Webb & Geach Explored-Wheal Venland

This virtual journey of exploration based on Webb and Geach’s book ‘The history and progress of mining in the Liskeard and Caradon District’ ,  continues with another of the small mines described on page 98 of the Trevithick Society’s reprint of the Victorian publication.

 

Wheal Venland

” …..Up went the shares, which were sold for fabulous amount, as also were the unfortunate purchasers, who soon found that the ore was cut out without leaving a trace of its existence.” Webb & Geach

Ordnance Survey Cornwall XXVIII.SW (includes: St Cleer.)
Surveyed: 1881 to 1882 Published: 1886

Wheal Venland Os 1886
Reproduced with the permission of the National Library of Scotland

Click here for the Map on Library of Scotland website>

Current OS map

Venland OS 2016To see the location  current OS Maps Click here>

 

 

 

 

Google maps

Click here to explore the map>

 

Venland Google 2016

Google Street View

Cornwall Council

Cornwall Council interactive map

Reference : MCO38682
Name : WHEAL VENLAND – Post Medieval mine
Monument type : MINEVenland Cornwall Map Cau
Period : Post Medieval
Form : EXTANT STRUCTURE

X COORD : 225450
Y COORD : 68100

Click here for Heritage Gateway entry>


wpid-wp-1441052784407.pngFor Webb and Geach and other John Manley’s books-click here>

 

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Brenton Symons’ Victorian Map of the Liskeard Mining District-page complete

A chance to present Brenton Symons’ cartography to the Caradon Geology group was great opportunity to get some feedback on its geology. Normally my audience are Cornish mining history experts, so discussions on rocks made a change to delving into the details of engine houses.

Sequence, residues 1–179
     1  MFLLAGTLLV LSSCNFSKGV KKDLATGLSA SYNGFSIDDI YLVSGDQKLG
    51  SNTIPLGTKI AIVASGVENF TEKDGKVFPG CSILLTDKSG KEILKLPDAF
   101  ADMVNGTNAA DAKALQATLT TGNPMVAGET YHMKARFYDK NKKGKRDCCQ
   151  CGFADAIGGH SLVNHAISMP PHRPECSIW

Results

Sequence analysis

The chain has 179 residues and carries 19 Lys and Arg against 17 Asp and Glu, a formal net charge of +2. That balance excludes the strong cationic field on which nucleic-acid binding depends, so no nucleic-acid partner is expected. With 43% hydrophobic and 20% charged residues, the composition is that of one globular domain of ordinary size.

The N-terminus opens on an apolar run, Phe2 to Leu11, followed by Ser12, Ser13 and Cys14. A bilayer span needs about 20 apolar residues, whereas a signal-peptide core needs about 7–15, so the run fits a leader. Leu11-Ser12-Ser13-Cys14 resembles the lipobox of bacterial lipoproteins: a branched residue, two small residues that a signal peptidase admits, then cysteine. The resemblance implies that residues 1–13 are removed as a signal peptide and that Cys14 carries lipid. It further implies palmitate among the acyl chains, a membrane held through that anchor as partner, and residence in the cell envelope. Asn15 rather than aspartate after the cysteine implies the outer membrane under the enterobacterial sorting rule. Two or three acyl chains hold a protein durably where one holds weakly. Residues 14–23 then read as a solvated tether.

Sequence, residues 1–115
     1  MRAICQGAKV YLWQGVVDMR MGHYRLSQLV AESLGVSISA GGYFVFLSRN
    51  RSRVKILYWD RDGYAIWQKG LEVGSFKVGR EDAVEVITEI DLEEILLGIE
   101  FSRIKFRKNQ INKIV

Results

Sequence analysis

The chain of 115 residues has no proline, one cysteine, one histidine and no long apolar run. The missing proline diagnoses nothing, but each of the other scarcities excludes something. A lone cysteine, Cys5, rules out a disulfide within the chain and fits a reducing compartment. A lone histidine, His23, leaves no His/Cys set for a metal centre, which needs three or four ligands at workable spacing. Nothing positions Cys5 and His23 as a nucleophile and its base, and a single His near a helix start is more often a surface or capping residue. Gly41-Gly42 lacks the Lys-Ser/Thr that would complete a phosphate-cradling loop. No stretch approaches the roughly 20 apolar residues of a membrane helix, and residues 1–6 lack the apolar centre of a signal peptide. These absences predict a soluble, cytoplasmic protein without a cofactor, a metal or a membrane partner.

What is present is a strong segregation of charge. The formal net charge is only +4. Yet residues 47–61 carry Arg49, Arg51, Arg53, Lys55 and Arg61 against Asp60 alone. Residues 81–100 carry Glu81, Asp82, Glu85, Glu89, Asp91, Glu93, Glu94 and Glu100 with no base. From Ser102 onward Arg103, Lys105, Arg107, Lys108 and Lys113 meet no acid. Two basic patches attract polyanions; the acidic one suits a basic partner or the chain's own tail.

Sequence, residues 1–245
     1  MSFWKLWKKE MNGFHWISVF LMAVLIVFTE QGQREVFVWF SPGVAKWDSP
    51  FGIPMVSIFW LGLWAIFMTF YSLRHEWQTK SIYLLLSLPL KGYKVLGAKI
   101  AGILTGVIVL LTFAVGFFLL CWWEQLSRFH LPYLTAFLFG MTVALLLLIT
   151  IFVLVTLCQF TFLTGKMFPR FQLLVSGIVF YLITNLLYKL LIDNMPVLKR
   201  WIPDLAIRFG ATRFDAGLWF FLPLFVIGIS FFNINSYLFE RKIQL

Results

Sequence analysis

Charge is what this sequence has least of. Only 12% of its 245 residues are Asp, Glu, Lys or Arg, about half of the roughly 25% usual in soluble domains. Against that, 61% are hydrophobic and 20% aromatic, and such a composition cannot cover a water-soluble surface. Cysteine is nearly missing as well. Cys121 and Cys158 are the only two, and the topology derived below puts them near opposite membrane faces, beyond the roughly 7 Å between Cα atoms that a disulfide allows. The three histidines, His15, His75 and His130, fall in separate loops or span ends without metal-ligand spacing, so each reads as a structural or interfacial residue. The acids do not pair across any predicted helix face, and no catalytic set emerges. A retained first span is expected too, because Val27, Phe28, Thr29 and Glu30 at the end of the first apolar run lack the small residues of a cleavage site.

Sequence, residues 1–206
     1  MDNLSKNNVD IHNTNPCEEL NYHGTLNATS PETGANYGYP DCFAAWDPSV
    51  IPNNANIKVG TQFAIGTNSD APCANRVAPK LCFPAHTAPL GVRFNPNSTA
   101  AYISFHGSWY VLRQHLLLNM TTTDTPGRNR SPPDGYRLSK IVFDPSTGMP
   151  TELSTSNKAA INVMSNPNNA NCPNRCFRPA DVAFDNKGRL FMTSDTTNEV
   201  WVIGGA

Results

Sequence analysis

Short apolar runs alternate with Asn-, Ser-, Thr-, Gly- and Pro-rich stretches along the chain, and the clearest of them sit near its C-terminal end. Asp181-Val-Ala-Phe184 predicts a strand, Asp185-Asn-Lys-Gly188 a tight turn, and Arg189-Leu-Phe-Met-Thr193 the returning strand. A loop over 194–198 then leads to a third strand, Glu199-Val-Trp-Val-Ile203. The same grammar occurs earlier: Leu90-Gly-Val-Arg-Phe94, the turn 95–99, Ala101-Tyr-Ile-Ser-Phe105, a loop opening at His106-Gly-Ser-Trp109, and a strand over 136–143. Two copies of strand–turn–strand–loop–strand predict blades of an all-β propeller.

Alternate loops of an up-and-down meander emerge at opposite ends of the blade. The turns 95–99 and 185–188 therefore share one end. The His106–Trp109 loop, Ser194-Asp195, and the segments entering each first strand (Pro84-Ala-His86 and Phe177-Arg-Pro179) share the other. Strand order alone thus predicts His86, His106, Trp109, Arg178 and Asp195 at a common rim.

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In attempting to understand the strength and weakness of map my focus was on its intended customers; the potential mine investors. My talk at Liskeard brought to light an alternative view point however, that is the current buyers of geological maps. No longer is it the extraction of wealth beneath the ground that attracts geological interests but the ability to build on its surface. Instead of mining investors there are civil engineers; housing estates, supermarkets, wind turbines and road improvements have replaced shafts, stopes and adits.

Now that the talk is complete, I have launched a new page dedicated to the map, a page that includes an index to my posts on the Liskeard map. Click here to view.

Time to move on to the next presentation. A presentation about a genius in the British Mining industry who died in the year that Brenton Symons published his map,1863.  The genius that was John Taylor will be the topic of the next series of blogs.